BOOT CAMP 172 (26/04//01)




If you followed last week's Boot Camp you should now be the proud owner of a basic but fully functional Internet web site. This week we'll round off this very short introduction to getting onto the Internet by looking at some ways to liven up your web page with backgrounds, buttons and Hyperlinks, and how to get your site noticed and accessible to the millions of Internet users around the world.


For the sake of consistency and to keep things as simple as possible we'll stick with MS Word (versions 97 and 2000) to design and create our web page. However, whilst this is something Word does reasonably well, purpose-designed DTP and web authoring programs, such as Serif PagePlus Publishing Studio, MS Publisher and Home Publishing Suite, SoftQuad Hot Metal, Adobe PageMill and so on, are well worth the investment if this is something you are likely to become interested in, or get involved with commercially. These programs provide many more web page and site templates to work from, they usually come with vast clip-art libraries and have many more advanced features that make it easier to design a really professional-looking web site.


To recap, to create a web page in Word click on New on the File menu, select the Web Pages tab and start the Web Page Wizard and you'll end up with a basic template, that you can modify like a Word document, replacing default text and adding your own words and pictures. The Word templates tend to be rather plain so the first thing you can do is add some background colour or texture. Go to Background on the Format menu and select one of the standard colours or better still, click on the More Colours or choose something interesting like 'Marble' or 'Tissue Paper' from the Fill Effects menu. A word of caution, darker backgrounds can make text harder to read, lighter colours and textures work best, and try not to mix red, blue and green text and graphics, it looks horrible and it may be unreadable to those suffering from colour blindness.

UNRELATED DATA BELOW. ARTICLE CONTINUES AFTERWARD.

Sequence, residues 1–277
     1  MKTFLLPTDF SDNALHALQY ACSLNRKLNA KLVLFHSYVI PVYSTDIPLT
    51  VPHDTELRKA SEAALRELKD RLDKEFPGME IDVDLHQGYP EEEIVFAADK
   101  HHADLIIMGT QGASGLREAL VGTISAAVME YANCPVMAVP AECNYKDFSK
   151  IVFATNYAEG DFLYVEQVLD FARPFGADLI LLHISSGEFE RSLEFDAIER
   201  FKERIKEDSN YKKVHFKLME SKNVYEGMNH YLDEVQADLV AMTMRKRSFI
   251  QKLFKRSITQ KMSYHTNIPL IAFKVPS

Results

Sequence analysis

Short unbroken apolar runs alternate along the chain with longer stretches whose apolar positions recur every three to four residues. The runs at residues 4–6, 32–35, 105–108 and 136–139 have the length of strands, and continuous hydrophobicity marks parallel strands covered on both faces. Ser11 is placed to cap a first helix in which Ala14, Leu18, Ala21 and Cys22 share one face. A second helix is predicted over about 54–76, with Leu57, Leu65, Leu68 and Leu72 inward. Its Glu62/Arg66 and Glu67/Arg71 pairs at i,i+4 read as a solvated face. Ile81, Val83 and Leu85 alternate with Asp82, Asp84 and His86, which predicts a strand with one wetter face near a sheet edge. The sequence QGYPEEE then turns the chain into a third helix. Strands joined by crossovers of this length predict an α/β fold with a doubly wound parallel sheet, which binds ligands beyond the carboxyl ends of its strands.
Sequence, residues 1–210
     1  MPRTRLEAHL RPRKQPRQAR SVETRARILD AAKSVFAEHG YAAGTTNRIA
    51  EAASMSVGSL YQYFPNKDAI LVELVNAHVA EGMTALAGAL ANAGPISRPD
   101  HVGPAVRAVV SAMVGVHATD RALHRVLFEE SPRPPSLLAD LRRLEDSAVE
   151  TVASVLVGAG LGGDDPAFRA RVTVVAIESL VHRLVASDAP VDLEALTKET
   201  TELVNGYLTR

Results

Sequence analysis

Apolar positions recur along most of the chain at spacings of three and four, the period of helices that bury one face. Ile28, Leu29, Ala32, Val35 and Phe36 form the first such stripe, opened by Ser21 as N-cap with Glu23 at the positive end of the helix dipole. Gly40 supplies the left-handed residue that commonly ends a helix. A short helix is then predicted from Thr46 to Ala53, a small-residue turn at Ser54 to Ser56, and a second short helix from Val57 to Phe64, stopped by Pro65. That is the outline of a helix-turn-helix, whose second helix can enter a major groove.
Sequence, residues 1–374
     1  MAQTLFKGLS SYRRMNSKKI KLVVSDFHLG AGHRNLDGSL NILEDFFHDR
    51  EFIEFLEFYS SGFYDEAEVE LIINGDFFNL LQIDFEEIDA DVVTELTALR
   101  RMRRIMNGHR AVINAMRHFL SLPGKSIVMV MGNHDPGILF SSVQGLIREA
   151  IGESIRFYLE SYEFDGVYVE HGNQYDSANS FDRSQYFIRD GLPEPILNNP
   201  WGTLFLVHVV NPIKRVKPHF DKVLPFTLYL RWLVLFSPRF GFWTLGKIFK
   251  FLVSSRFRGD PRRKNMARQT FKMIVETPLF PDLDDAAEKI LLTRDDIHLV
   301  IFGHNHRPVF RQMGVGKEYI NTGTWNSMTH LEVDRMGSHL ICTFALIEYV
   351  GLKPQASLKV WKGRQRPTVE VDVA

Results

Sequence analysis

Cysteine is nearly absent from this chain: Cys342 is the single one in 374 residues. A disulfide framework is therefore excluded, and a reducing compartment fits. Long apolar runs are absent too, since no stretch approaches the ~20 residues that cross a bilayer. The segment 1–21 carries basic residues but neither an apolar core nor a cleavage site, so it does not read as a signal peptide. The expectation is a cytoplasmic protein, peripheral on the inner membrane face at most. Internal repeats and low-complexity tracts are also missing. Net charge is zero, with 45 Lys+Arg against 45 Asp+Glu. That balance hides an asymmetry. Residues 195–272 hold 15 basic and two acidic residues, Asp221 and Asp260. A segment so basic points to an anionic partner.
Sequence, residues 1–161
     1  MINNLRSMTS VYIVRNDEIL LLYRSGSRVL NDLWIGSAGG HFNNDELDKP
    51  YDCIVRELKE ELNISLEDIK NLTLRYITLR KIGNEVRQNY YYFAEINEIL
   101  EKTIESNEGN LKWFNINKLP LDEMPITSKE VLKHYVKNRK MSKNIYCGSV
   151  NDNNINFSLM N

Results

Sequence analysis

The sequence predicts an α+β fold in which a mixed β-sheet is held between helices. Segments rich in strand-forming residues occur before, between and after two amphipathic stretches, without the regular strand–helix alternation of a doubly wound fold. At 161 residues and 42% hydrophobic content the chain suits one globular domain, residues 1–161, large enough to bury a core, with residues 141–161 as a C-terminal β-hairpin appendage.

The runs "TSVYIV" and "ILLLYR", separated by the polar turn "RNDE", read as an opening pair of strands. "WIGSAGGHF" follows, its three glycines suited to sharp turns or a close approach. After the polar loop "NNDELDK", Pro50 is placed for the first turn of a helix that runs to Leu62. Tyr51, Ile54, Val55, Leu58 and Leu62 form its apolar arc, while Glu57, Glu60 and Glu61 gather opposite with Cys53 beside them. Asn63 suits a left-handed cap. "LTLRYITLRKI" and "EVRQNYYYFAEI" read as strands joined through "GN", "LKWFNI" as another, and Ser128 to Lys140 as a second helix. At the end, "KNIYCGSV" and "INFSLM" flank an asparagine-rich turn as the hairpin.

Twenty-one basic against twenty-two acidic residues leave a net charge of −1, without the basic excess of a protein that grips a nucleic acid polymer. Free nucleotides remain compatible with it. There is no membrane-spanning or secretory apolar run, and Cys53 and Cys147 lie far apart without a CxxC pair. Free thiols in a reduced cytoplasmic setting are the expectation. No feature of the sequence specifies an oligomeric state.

Don't forget you are not obliged to use the default layouts and fonts; almost everything can be changed or moved. Word also includes a small selection of graphic elements, including check boxes, drop-down menus, list boxes, forms and a scrolling text effect. In Word 97 they can all be found under Forms on the Insert menu, in Word 2000 right-click on to an empty area of the toolbar and select Web tools. Don't forget to include your email address on the page, and if you want to gauge reaction and assess the number of visitors you might also want to include a counter and a 'guest book' for comments. Note that web page elements like these are not included in Word but they can be downloaded from many sites on the Internet. Get into the habit of saving your work regularly and check the effect of any changes you make, before you upload your page, by using the Web Page Preview option on the File menu.


The most useful web page component is undoubtedly the hyperlink, a highlighted and underlined word (or words), button or graphic that takes the reader to another location on the same page, another page on the same web site, or another page or site on the Internet. Hyperlinks come in a wide variety of shapes and sizes and the Web Page Wizard templates in Word 2000 makes it very easy for you as it automatically creates an opening page with ready-made links to other parts of the document and two or more related blank pages. All you have to do to customise them is right-click on the link and select Edit Hyperlink from the drop-down menu that appears. The dialogue box that opens lets you change the name and the place in the document it is linked to, or you can direct it to a web page address or email address.